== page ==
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Cultural Detox

January 1, 2008

I tend to overdo it when it comes to culture. If I had my way, I'd have limitless time and income so I could experience all the amazing arts happenings that this area has to offer and travel to catch interesting events in other parts of the world the rest of the time. But given that I have limited resources, that it's easy to suffer burn-out from rushing around doing stuff every night of the week after a full day of work, and that I want to spend a portion of my time doing things like creating rather than consuming art, and simply sitting and staring into space, I need to find ways to manage the frenzy.

So I was delighted to see that The Times newspaper just published a list of tips to prevent cultural overload in 2008. I read the article eagerly hoping for some insights into how to better navigate my way through the deluge of plays, books, ballets, movies, television shows, talks, readings, concerts and art exhibitions etc. this year. Unfortunately, the article left me feeling disappointed.

The Times' Cultural Detox strategy is "to split the wheat from the chaff...not to do less, but to do better." This is a great idea in principle, but in practice it's very hard to do. Far from relieving the problem of cultural overload, some of the ideas in the article actually make it worse. For example, leveraging the "rare pearls" of the Internet to help you make better decisions about what cultural events to experience is fine if you can find one or two trusted sources upon which to rely. But there are so many equally wonderful sites to go to on the Web that the mind boggles just thinking about them all. The article similarly suggests avoiding cultural atrophy by exploring "the wealth of African literature", "Romania’s new wave of cinema" and obscure radio stations found via iTunes. These are super ideas, but hardly a solution for preventing overload. To my mind, they just serve to underline the enormous gaps in my cultural repertoire.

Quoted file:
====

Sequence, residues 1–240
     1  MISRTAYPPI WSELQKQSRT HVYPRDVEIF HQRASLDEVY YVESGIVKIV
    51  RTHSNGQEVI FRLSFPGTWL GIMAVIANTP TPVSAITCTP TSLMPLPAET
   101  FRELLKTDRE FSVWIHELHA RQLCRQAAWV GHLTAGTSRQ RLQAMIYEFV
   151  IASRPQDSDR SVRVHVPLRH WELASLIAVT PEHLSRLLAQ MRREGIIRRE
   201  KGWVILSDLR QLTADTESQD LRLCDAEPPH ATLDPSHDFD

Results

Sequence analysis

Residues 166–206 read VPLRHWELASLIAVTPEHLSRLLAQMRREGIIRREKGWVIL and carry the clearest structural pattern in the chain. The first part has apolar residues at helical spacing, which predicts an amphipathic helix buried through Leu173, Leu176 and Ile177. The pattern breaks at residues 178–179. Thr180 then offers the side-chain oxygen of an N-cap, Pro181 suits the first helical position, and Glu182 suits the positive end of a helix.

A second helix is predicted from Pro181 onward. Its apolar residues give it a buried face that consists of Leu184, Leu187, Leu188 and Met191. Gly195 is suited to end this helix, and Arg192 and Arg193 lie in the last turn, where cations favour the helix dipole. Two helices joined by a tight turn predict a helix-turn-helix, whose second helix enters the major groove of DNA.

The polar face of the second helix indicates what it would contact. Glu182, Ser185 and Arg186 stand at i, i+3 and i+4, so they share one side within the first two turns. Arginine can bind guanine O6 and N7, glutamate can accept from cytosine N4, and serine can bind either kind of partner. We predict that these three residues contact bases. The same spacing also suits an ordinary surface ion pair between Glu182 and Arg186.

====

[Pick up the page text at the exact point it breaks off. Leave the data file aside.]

Other suggestions on The Times' list, such as engaging with shorter works (eg short story collections, short films etc) to prevent "being knackered by art" and going to more arts events solo to engender quality time with the work rather than wasting the experience "by having a good chinwag as you blithely mosey past a priceless set of previously unseen Caravaggios" are absurd. For one thing, just because a work of art is short, doesn't mean it's less tiring (I've seen several plays lately that run at only an hour in length but feel three times as long). For another, art is an inherently social experience. Rather than not taking a friend along, I'd advocate for the "together apart" approach, where you basically stick together but don't necessarily talk your way through the museum.

The most sensible idea on The Times' list is the one that suggests skiving off work to avoid long queues at exhibitions. Being a freelancer, I don't personally have to deal with this problem, but I totally endorse the strategy for anyone stuck in an office from 9-5 (as long as you don't get fired.)